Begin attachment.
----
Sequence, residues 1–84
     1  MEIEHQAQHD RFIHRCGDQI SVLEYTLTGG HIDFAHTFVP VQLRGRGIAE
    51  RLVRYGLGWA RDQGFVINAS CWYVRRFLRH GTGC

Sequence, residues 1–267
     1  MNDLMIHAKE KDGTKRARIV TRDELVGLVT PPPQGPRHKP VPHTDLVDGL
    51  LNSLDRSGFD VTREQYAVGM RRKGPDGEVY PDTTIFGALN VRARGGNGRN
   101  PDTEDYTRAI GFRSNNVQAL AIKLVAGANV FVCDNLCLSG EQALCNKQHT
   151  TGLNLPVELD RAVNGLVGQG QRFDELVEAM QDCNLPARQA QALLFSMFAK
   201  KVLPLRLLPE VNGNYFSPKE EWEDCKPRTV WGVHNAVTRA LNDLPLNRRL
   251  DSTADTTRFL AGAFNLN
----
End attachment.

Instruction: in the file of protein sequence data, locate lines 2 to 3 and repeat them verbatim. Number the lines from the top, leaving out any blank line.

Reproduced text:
     1  MEIEHQAQHD RFIHRCGDQI SVLEYTLTGG HIDFAHTFVP VQLRGRGIAE
    51  RLVRYGLGWA RDQGFVINAS CWYVRRFLRH GTGC